My marriage, which had been a near-roommate situation for years, ended in 2020. Living together 24/7 without the distractions of work-travel, school, and the kids’ activities forced our hand. He was a good person, I was a good person, but after thirteen years together, we’d gotten to the point where we were bringing out the worst in each other. We might’ve kept going through the motions for years, maybe even until the kids—12, 9, and 6—were out of the house, if forced togetherness hadn’t finally made us look our marriage (and each other) in the eye.
My mom, my first true love and my biggest cheerleader, was diagnosed with cancer in May of 2020 and died the Tuesday before Thanksgiving. After her diagnosis, she moved in with us, and I took care of her lovingly most days, but on at least two, I let her see my impatience. I’ll always regret that. Am I practicing magical thinking, hoping that, since I’d once been her baby, her two-year-old, her smart-mouthed teenager, and her adrift twenty-five-year-old, she saw my brattiness for what it was: An emotion safer to show than my grief or my fear of living in a world where she wasn’t? Mom’s death was an unavoidable reminder that I was next, that life really did end at some point.
In March 2020, my kids’ schools went fully online. Doing all of my six-year-old’s schoolwork with him, as opposed to just homework, I realized that he had issues beyond being, “Such a boy!” or “The wild one,” of our three kids. He literally could not sit still and focus. Reading an eight-page kinder book would take all afternoon and leave us both in a frustrated rage. Soon after lockdown started, I took him to a psychiatrist where he was diagnosed with ADHD and prescribed medication. Our schoolwork battles are (mostly) behind us, and he’s now a confident and enthusiastic reader. The homeschool-mom role I hated with every fiber of my being? It was a gift.
Over the summer, my nine-year-old daughter watched me care for my mom and struggle with all-day, every-day parenting. She absorbed the silent tension between her parents. As I watched her gauge the vibe in our home, I realized she had assumed the role of fixer. If her brothers were acting up, she’d swoop in with a funny voice or an offer to help. If her dad was irritated about something, she’d fling her arm around his neck. Seeing her trying to inject levity into the grief minefield that was our home in 2020, stopped me in my tracks. Fixer is a heavy mantle for nine. So, I did my best to remove it. I gave her more time and space to play, see friends (in our pod), be silly, and to act out a little herself. Quarantine gifted me with months of side-by-side time with my daughter, and from that intimate vantage point, I saw that my roll-with-the-punches, “easiest” child was too responsible and needed my help to reclaim her childhood.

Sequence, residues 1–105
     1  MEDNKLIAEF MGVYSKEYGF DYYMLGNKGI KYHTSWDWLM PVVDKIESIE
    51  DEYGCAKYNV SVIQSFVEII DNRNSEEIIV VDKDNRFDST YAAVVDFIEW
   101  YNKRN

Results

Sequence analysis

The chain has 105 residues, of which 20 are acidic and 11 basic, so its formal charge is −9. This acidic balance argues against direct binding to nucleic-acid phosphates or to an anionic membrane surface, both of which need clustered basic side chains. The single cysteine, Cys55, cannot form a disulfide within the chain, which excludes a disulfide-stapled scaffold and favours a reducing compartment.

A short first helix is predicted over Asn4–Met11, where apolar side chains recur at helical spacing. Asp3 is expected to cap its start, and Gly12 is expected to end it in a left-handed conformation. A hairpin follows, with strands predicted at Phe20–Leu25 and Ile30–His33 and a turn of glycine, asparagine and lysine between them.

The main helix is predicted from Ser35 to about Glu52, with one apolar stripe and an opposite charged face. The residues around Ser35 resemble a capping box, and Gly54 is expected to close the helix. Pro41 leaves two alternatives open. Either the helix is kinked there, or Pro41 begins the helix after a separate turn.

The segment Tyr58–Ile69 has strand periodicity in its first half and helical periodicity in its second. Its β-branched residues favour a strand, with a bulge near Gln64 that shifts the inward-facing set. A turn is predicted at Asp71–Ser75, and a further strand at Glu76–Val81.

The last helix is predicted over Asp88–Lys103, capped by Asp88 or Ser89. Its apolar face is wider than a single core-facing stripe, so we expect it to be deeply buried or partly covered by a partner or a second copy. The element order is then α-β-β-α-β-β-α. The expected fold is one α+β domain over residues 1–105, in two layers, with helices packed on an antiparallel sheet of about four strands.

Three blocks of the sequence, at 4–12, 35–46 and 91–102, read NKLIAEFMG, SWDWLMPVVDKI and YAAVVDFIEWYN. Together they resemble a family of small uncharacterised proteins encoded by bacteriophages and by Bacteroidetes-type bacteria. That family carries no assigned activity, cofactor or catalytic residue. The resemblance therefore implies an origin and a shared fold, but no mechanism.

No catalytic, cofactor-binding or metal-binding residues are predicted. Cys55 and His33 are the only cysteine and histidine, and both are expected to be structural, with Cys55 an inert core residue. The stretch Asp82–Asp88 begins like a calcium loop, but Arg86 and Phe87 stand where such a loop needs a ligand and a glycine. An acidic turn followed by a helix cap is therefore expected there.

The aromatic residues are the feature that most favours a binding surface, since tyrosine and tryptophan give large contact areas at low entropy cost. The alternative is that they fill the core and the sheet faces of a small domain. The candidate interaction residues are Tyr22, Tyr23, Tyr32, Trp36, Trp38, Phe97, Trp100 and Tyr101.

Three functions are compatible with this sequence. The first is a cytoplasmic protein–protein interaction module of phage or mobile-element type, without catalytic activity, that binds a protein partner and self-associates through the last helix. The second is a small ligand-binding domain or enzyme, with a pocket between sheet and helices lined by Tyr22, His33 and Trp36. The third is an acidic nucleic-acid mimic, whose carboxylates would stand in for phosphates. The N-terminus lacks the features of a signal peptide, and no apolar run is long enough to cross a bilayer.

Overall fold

Quarantine forced me to pay attention, to give attention to the things I’d been too scared to face. I had to live full-time in my marriage to find the strength to end it. I had to help my mom die to choose to live my own life less passively. I had to see how my son was doing (or not doing) his schoolwork to get him the help he needed. I had to watch my daughter, over weeks and without distraction, to pick up on her pattern of trying to smooth over adult problems before I could lift her up and set her down on a more appropriate track—one filled with TikTok, slime, and sleepovers.
2020 demanded I learn lessons I didn't want to learn. She was the cruelest and best teacher I ever had.
Read more of Denise's writing on parenting https://denisemassar.medium.co...
Read the first two chapters of MATCHED here: http://www.denisemassar.org/